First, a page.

The A6 seats five, but it's a stretch. The rear center seatback doubles as a fold-down armrest so it's not contoured for a human back, and it straddles a driveline tunnel so spreads the unlucky passenger's feet. It's more comfortable for four people. Rear legroom of 37.4 inches isn't bad.
By streamlining the A6 fleet, Audi has redefined the car. Only two engines carry the A6 line now, when there had been five. The 3.2-liter V6, 4.2 V8, and 5.2 V10 have been benched, leaving the 2.0-liter I4 turbo that's becoming ageless, and the newer 3.0-liter supercharged V6.
The 2012 A6 3.0T is silky smooth, and fast. It gets 310 horsepower and 325 pound-feet of torque out of the 24-valve V6 using direct injection, supercharging and intercooling. The previous 6-speed automatic transmission is replaced by a flawless 8-speed automatic for 2012.
The 3.0T uses quattro all-wheel drive, which sets the front/rear power distribution at 40/60 percent for cruising, but depending on traction demands, can vary from 15/85 to 70/30. In its advertisements, Audi says the A6 makes 2000 decisions per second; many of them are about giving quattro what's needed. The 2012 A6 3.0T gets an EPA-estimated 19/28/22 mpg City/Highway/Combined. We got 31.6 miles per gallon on premium fuel, running with the cruise control set at 72 mph in the 3.0T. Puttering around town, we dropped as low as 16 mpg.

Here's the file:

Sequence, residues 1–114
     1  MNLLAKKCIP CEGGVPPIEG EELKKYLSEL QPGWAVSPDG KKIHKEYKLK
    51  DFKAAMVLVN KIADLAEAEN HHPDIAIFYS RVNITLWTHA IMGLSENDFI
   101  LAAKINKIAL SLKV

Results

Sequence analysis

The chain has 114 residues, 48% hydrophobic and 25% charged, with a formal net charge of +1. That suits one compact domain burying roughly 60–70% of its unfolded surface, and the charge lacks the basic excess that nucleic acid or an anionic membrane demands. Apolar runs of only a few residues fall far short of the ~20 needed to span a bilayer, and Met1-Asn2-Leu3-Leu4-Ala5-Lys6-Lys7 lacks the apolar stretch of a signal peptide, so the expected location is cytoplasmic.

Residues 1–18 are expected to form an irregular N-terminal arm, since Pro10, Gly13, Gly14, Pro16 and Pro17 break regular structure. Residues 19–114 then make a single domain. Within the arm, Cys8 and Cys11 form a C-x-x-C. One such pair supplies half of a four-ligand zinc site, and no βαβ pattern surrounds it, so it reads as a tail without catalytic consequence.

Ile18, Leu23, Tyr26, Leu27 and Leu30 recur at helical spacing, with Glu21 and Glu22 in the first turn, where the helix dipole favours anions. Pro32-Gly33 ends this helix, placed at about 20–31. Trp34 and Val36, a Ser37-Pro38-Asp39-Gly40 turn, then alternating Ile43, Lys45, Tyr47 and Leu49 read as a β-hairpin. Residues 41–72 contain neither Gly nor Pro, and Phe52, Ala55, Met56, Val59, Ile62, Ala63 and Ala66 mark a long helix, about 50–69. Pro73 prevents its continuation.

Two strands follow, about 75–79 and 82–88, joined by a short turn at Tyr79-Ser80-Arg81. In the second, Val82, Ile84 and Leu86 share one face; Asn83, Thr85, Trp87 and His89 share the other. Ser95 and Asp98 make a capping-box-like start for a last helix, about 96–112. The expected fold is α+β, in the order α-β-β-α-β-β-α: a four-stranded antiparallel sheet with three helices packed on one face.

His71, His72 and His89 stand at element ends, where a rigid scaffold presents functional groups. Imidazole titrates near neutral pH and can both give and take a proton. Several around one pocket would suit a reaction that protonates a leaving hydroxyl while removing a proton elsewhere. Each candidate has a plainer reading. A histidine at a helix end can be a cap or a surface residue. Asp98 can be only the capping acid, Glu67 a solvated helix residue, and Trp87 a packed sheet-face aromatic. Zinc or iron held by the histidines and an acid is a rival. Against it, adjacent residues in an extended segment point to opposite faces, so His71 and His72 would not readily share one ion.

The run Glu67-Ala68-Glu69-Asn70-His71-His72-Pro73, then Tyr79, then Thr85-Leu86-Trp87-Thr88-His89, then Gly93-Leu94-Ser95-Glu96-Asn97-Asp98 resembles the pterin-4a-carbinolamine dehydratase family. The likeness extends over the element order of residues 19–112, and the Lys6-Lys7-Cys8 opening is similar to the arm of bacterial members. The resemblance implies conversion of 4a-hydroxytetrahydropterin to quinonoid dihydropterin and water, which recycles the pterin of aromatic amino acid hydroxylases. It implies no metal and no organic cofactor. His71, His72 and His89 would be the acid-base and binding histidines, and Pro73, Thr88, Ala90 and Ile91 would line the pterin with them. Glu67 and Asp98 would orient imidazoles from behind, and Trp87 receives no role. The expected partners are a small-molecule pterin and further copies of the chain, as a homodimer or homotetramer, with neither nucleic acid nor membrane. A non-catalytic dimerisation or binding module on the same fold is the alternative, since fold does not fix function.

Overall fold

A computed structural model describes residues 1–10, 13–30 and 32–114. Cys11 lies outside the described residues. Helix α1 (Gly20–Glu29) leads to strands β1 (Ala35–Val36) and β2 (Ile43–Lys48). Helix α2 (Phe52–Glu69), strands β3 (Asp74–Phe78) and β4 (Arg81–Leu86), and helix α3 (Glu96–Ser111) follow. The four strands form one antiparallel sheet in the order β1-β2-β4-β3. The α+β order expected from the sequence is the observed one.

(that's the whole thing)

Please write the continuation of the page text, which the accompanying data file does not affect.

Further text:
The 2012 A6 2.0T uses front-wheel drive and a CVT (continuously variable transmission). If you don't need all-wheel drive, the 2.0T looks good, because you get the same suspension, ride, looks and interior for about $8000 less. You also get 6 more miles per gallon: The government estimates the 2.0T at 25/33/28 mpg City/Highway/Combined, which appears to be best in class.
It's hard to beat the 2012 A6 interior for style and class. One arc flows gracefully into the next, on the dash and door panels, from vents to grab handles. On the 3.0T, the leather is grainy, wood is walnut, trim brushed aluminum.
The A6 went through 4000 crash simulations to reach its level of safety, with special attention paid to the front crumple zone, where structural cross members direct impact energy to two longitudinal members that deform in a controlled manner. In European crash testing from various directions, it's earned 5 stars.
It's taken a few years, but we've gotten comfortable with Audi's big mouth. Fishmouth was a bold design, and they pulled it off. Others have copied it, so it must be a success. The A6 is totally relaxed with it, especially in charcoal. The A6 has a beautiful face now, with its big black grille.
Excellent execution of the shapely aluminum hood, horizontal air intakes, and wraparound headlamps, long sleek and sharp. Tidy red S on the A6 3.0T for supercharged. Shoulders like a racecar, aluminum front fenders. Beautiful window and roofline with cool little sharkfin antenna, another thing Audi invented. Little upturned tail. Audi all the way.